The sub-headline in the editorial in today's LA Times reads like a parody of liberal paternalism gone wild: "It's Wrong to Blame Victims for Spending Irresponsibly." No, that's not a misprint.
While acknowledging that the 16% of improper expenditures 'is indeed high', the Times doesn't want us to get all worked up about it: "some misuse of the FEMA-issued debit cards is hardly shocking."
As this op-ed column from today's Los Angeles Times illustrates, the MSM and the left-dominated American academy continue to side, in the name of 'human rights', against measures designed to protect us from another 9/11 and with those who might potentially do us harm.
Author David Cole, a law professor at Georgetown University and volunteer attorney with the Center for Constitutional Rights, was co-counsel to the plaintiffs in Turkmen vs. Ashcroft. He condemns the district court ruling in that case, which, as described in this article from Jurist, held:
You'd think that President Bush's surprise visit to Iraq would warrant a big front-page headline in one of the country's largest newspapers. Yet today's print edition of the Los Angeles Times (Wednesday, June 14, 2006) blares the headline, "Crackdown Underway in Baghdad." A reference to the surprise visit is relegated to the sub-headline, and only a tiny 1.75" x 2" photo of President Bush and Prime Minister Minister Maliki occupies the page. The far-more appropriate title is platooned to the continuation of the story on page A24: "Bush Visits Iraq Ahead of Major Sweep."
The Times appears to be continuing its practice of downplaying good news for the Bush administration (here and here are just a couple of many examples; see also this).
In his latest "Regarding Media" column in the Los Angeles Times (Sat. June 10, 2006), the perpetually clueless Tim Rutten claims that author Ann Coulter is a "pornographer" and her latest tome is "pornography" and "hate." ("Like most pornographers ... [Coulter] is resourceful in the service of her own economic and other interests.") In addition, Rutten expounds (emphases mine),
Bin Laden Far More Difficult to Find than Zarqawi, Officials say
ISLAMABAD, Pakistan — Although the U.S. military located and killed the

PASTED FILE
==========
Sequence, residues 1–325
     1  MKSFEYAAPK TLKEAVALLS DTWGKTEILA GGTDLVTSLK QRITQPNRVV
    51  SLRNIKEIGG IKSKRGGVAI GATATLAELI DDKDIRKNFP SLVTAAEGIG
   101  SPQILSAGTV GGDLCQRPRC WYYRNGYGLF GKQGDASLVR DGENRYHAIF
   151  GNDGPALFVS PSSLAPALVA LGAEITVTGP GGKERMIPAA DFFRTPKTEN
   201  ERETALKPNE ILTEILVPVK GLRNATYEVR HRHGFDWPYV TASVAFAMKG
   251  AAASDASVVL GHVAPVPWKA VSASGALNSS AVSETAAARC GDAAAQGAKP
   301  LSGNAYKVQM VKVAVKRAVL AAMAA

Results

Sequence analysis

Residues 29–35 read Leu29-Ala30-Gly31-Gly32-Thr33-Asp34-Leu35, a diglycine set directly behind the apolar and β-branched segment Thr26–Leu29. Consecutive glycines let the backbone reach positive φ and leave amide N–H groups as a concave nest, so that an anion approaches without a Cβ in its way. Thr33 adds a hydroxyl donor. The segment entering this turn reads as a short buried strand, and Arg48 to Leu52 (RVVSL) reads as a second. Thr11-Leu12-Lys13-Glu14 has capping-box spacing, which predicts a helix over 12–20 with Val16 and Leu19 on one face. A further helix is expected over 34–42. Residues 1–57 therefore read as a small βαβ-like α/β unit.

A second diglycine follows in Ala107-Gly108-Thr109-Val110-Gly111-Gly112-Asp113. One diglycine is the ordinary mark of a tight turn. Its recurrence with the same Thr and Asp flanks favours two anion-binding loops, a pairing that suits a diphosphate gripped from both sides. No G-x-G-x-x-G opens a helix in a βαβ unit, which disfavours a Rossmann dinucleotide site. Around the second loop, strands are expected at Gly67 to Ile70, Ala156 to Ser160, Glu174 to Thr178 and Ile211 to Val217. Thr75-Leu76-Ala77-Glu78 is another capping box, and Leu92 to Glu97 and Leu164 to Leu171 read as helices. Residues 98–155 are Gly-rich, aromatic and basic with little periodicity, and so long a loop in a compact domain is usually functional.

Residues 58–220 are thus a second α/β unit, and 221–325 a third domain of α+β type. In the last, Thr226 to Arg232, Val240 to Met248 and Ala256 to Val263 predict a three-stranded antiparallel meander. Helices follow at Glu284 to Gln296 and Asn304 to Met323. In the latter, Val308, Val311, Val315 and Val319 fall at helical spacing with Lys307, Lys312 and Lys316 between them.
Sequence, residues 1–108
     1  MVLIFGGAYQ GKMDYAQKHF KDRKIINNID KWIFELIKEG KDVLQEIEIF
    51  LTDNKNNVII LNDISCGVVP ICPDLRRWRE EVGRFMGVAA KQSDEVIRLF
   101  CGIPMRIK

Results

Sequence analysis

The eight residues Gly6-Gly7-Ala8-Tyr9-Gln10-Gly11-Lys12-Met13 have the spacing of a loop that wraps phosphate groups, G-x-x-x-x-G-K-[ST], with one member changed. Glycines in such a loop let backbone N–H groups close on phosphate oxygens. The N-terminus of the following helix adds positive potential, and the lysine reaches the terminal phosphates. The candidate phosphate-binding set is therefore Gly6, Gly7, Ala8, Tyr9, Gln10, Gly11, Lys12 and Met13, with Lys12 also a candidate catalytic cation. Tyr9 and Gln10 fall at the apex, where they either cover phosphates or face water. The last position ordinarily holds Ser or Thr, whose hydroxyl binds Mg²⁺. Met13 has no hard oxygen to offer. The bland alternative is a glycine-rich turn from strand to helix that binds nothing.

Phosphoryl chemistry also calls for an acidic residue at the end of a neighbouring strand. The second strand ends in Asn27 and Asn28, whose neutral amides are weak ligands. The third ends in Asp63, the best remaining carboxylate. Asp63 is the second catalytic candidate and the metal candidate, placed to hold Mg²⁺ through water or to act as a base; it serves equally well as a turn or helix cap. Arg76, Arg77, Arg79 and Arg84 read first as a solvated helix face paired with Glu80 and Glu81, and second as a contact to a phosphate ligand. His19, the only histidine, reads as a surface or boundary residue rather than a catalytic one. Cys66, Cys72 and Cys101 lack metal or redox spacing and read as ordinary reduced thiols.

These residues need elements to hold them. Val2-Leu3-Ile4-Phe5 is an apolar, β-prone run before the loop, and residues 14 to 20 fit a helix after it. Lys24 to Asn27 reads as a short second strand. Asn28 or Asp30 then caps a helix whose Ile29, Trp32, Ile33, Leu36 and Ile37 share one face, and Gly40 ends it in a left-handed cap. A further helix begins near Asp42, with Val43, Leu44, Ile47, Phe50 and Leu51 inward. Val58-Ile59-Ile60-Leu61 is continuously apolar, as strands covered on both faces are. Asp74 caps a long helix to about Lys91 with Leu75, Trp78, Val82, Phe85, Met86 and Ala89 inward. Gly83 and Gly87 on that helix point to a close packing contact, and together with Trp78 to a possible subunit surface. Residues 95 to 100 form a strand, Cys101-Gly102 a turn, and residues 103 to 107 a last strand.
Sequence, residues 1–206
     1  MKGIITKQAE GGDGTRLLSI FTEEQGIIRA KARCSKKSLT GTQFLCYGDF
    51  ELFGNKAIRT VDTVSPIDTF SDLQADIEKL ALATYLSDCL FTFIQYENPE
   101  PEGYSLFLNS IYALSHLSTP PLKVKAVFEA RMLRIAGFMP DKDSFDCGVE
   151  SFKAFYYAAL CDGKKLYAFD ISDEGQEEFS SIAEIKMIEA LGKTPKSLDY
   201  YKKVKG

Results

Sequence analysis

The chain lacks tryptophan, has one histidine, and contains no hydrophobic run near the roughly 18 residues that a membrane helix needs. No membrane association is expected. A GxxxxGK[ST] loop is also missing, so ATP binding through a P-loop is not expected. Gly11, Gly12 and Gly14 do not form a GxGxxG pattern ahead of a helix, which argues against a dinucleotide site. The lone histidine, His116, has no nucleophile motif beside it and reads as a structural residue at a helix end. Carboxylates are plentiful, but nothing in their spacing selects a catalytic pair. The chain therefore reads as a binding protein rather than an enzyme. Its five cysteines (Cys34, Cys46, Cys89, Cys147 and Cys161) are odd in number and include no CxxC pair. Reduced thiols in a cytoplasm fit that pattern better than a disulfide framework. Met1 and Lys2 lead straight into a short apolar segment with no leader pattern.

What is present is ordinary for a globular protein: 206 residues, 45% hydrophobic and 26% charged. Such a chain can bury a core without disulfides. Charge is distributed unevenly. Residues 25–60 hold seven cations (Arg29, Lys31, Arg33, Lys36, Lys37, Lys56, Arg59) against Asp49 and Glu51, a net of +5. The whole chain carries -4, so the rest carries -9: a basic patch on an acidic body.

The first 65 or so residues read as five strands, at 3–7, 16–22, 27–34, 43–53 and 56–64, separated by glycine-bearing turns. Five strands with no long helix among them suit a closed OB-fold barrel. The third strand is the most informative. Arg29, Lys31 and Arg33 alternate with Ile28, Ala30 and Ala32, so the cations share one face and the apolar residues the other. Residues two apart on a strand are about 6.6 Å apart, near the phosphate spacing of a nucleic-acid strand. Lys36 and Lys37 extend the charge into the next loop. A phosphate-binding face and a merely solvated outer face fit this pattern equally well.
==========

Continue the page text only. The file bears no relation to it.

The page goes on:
most wanted terrorist in Iraq, finding Al Qaeda leader Osama bin Laden
remains a tougher task, officials and analysts said Thursday....
Steve Lopez of the LA Times wants a cookie from conservatives after [his claim] the newspaper "both gutted and fileted" two democrats.
I'm just wondering why the paper hasn't gotten huzzahs from the professional gas bags who worked themselves into a frenzy three years ago over our equally tough reporting on a candidate named Arnold Schwarzenegger.
First, the reason might have something to do with the fact that there were no republicans running in that race for the LA Times to "gut and filet." This was a primary. Let's see the Times do that when an election is at stake. Second, if you have to write an article pointing out that you finally took a pair of democrats to task, and beg for praise because of it, what does that tell us about your conscious and previous reporting?
Have John and Ken of radio fame weighed in on The Times' coverage? To be honest, I wouldn't know. I'd rather stick my head in a kettle drum and beat it with a soup spoon than listen to these guys... I called Ken Khachigian, my favorite GOP consultant, even though he worked with Richard Nixon and Ronald Reagan, to ask if he'd heard any Republicans complimenting The Times' tough coverage of Westly and Angelides.
So conservative pundits are "gas bags," you'd rather stick your head in a kettle drum and beat it with a spoon rather than listen to a conservative on the radio, and you called someone despite the fact that they worked for conservative Presidents. And with this dripping distain that flows newspaper-wide for anything right of MoveOn.org, you're looking for fairness accolades?!?!
Earlier today, the Los Angeles Times reported that Pentagon officials were considering
dropping Article 3 of the Geneva Convention from FM 34-52, the Army's
field manual on interrogation. While the Pentagon has not reached a
final decision on the potential modifications to FM 34-52, the Times
and USA Today certainly have. Follow the escalation.
"The Pentagon has decided to omit from new detainee policies a key tenet
of the Geneva Convention that explicitly bans "humiliating and
degrading treatment," according to knowledgeable military officials, a
step that would mark a further, potentially permanent, shift away from
strict adherence to international human rights standards."
Goldhagen wrote in the Times in reference to Pope Benedict's recent appearance at the Auschwitz-Birkenau Nazi death camp. The smears and invectives from Goldhagen are numerous. He baselessly asserts an "unavoidable causal, historical and moral link connecting the church, the Nazis and Auschwitz" while staking his bogus claim of "a connection between the Catholic Church, Christianity and the Holocaust." Goldhagen then accuses Pope Benedict of "clouded historical understanding" and "whitewashing of the past."
NBC's David Gregory wasn't the only liberal reporter who just had to emphasize The Economist magazine's cover calling President Bush and British Prime Minister Tony Blair the "Axis of Feeble." At CJR Daily, Paul McLeary noted it became a hot trend. So why would this bother liberal Columbia Journalism Review folks? Because it's lazy. "Great headline," said McLeary, but "The sad thing is, they all probably thought they were being funny and original, and in a sense they were -- but in lockstep. And that's what strikes us as feeble."